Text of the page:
ALI: How and why?

ABDUL KHABEER: I don-- well, I don't know why kids bully, right?

ALI: But what was the --

ABDUL KHABEER: But I just felt -- there were two people. There was me and this other girl Shaheedah. And so the other girl Shaheedah had eczema, and so she was really, sort of, the one that would get the most, but sometimes, they would choose me. I'm not really sure. I was shy. Up until that point, I was shy, and so I was quiet, and I didn't know everybody, so I feel like people, you know, picked on you. I had a teacher I could complained about it to, and she just -- was the wrong answer. She goes kind of like, "Oh, that's how kids are," and I told my mother and she was, like, "That's stupid." And my mother was kind of like "That don't make a lot of sense. No, that's not how kids are. Like, what is that?" And I think about bullying today, and I'm, like, what is going on? Where people are like -- why are kids doing this to people, and no one is saying, "Don't do that." Right, anyway.

But what happened for me is that so when I was 10, so yeah -- so I must have been -- so it must have been '89 that I started at Madrasa, it had to be or, '90. But in any event, when my sister was born, the -- when my sister was born 56:00my mother and my sister's father divorced, and my mother -- This is how I remember it. She started -- she took -- there was a sister named Jawariyyah who was a therapist. She lived in Clinton Hill. She had her own brownstone, her own practice. I think my mother was going to Sister Jawariyyah for her own issues but then she thought, "Let me take Su'ad" because she was like, "I don't know if this will negatively affect her." Which is funny 'cause I hated my sister's father. I was, like, "Yes, hallelujah!" [Laughter] anyway.

So anyway, she took me to Sister Jawariyyah, and I saw Sister Jawariyyah from 10 to, I guess, 12. And I know that because she helped me write a valedictorian speech, and it's either the sixth-grade speech or the eighth-grade speech 'cause I was valedictorian both years [including] when [Nelson] Mandela was released from jail. And so, I had wrote about him in my speech. But I credit Sister Jawariyyah and my mother's, like, own awareness for -- Sister Jawariyyah to 57:00really help me build my self-confidence. Because I was an only child, I was always with my mother, I was always with adults, I read a lot. I think part of the reason why I read a lot, too, is that I can't go outside, right? I don't know. I guess there probably were some restrictions on TV because I don't -- because I don't -- because I do feel like I don't have free range of the television. That is -- I know. I don't remember what it was, but it wasn't like I can just go whenever I wanted to do that. I also had a babysitter, so I spent -- so I was, like, so I was home often, you know?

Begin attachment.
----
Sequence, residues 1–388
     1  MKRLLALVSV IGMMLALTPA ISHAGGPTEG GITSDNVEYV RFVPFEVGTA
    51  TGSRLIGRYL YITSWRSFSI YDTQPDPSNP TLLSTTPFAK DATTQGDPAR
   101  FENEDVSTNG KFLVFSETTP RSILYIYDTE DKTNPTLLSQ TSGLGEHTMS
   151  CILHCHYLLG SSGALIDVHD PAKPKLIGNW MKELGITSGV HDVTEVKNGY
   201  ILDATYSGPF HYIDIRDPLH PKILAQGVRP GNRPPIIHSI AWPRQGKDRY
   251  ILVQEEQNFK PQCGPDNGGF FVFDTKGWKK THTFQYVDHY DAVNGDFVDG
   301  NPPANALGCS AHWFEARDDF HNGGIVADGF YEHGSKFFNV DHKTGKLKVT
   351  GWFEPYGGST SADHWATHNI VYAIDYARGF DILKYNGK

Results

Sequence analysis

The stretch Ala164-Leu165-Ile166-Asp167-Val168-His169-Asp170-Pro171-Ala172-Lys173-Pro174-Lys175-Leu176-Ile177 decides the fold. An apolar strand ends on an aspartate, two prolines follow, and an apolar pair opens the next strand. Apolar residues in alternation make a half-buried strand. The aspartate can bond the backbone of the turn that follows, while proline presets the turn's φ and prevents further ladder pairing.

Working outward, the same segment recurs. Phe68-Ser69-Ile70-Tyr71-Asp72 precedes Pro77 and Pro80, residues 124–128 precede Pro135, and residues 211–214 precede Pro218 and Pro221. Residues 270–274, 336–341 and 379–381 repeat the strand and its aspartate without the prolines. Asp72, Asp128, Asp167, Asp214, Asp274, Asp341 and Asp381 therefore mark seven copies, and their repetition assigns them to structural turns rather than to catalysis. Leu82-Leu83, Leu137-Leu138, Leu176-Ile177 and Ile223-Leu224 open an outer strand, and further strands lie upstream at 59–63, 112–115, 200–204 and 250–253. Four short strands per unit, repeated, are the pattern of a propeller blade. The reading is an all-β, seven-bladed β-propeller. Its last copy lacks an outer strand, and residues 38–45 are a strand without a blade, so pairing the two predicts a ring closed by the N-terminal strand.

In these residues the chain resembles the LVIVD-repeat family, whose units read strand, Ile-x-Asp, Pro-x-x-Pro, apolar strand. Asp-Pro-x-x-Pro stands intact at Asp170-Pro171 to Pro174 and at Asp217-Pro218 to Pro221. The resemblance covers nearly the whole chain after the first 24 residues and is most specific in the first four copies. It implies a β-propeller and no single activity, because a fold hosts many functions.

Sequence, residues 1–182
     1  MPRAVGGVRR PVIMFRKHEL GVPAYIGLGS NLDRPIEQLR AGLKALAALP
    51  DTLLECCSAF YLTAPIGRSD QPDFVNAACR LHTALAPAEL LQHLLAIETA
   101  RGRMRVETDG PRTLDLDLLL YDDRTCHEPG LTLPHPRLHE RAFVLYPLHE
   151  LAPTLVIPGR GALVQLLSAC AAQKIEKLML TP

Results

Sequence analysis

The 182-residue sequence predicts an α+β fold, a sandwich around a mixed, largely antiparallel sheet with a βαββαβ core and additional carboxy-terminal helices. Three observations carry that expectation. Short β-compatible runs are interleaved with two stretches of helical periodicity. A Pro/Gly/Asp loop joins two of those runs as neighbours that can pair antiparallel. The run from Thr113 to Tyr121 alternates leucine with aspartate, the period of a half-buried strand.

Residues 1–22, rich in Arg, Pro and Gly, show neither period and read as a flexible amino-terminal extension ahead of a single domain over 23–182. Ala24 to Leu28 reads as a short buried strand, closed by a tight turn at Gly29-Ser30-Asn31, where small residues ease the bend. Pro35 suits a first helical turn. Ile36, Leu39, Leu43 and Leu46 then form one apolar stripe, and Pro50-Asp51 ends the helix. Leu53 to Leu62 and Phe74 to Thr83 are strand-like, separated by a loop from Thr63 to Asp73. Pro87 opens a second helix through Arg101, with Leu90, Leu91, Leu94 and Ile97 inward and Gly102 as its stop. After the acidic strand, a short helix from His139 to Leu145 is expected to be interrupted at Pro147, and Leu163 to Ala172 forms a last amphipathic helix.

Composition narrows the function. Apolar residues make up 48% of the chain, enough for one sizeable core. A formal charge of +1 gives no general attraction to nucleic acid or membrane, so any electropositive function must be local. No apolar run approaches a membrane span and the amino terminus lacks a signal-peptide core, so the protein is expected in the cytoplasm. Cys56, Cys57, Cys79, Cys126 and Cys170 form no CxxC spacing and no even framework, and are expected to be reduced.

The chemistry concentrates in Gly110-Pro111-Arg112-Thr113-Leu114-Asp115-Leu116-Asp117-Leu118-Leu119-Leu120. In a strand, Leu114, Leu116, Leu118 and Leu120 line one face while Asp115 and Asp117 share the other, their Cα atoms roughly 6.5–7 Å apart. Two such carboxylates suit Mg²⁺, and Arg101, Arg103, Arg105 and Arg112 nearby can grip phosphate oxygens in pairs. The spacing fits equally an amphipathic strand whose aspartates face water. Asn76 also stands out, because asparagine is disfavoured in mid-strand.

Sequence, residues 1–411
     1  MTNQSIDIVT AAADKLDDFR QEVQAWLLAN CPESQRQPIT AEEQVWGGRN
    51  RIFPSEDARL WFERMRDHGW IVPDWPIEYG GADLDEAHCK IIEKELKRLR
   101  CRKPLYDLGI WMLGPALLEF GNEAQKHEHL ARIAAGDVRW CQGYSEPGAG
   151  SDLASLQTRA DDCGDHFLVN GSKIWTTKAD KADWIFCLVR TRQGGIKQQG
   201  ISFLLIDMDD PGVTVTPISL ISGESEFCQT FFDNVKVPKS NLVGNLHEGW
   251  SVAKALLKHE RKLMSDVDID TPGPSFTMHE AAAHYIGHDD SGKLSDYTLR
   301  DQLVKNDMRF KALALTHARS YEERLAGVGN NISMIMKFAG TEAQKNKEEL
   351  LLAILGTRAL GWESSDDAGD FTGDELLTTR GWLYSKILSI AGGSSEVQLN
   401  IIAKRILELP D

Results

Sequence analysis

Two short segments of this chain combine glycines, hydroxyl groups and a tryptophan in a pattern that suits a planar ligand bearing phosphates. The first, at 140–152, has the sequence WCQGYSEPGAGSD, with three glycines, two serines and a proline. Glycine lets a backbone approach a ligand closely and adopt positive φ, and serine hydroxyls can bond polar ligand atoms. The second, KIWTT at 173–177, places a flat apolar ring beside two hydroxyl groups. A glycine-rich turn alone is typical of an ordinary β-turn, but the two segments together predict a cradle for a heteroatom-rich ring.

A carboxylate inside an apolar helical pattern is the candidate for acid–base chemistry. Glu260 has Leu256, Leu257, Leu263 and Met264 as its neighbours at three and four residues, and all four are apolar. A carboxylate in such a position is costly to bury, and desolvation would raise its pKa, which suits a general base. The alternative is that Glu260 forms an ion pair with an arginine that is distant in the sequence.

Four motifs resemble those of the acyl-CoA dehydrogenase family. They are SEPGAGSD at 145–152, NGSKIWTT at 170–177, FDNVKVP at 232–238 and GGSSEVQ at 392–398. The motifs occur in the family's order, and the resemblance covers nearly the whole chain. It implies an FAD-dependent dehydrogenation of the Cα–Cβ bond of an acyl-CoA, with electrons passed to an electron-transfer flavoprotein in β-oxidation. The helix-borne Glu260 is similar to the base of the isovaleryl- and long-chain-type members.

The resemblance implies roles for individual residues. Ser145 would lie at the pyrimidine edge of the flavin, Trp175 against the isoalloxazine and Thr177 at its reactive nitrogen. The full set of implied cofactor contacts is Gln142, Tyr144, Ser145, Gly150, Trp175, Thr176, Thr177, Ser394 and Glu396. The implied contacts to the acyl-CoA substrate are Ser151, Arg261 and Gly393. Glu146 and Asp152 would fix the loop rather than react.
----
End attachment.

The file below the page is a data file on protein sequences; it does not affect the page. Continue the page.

It was funny. I had this friend. It's funny. It still scarred me to this day. She was kind of like, "You read about the stories, but I live the stories." Something like that when I was like 13 or something [laughter] and so -- But anyway, but so, like, I think that she -- Sister Jawariyyah really helped me, kind of, build my own sense of self.

So in terms of the bullying, so there was the other girl named Shaheedah who was short -- she was shorter than me 'cause I was tall, and she used to, like, beat me. Like, not like -- not like ha-- I guess it wasn't, like, I wasn't bruised, 58:00but she was kind of bullying, whatever. And I remember at one point after Sister Jawariyyah for a while, I was, kind of, looking at her like, "Are you -- are you -- are you for real right now, 'cause this is not happening anymore." And it stopped." [Laughter] I'm like -- that was like that the end of that. It was, like, "This is not happening anymore 'cause -- are you kidding me?" So, I think -- I think that, like -- you know, so that was really important for me.

And so, she was the black Muslim woman who had a practice in Brooklyn. I think she was on Vanderbilt, like, yeah, Vanderbilt and Clinton. I wanna say at the corner there is where her -- her office was. And I saw her for, like, two years, and it was really -- it was really good or whatever, and so -- And that was at a time I was at Madrasa and then I gradu--

ALI: I'm -- I'm somewhat -- I guess, maybe I shouldn't be 'cause I shouldn't exceptionalize all Muslim experience, but one would imagine -- at least, I'm imagining a Madrasa being an Islamic school like any other religious school that there's an appeal to some sense of ethics that -- how's bullying happening?


ABDUL KHABEER: I don't know. Madrasa to me was like public school, and I hadn't been to public school, but that's how I used to talk about it.

[interview interrupted]

Now, I will say this about Madrasa. Of course, everyone is committed, right? It was a larger school, right? They have a group of students, and we had more than one language. So, in BLC, we had Arabic, of course. With Madrasa, we had Arabic and Spanish. We would have like -- so this Imam Ibrahim, like imams in the community would teach us Islamic studies. We had like a science fair. We didn't have science. And we had, like, things we would do, right, the kind of thing. And -- But it was different, like the energy was different to me, but I think -- I don't -- But again, like, I said, I don't remember being bullied at BLC, but also 'cause it was, like, my family, right, like, literally 'cause I was with everyone since I was five. So, if there was a clique, I was in it. Right? So, maybe I don't remember it happening at the other place, right, 'cause I was in the clique. Whereas this, I wasn't necessarily in the clique in the same kind of way.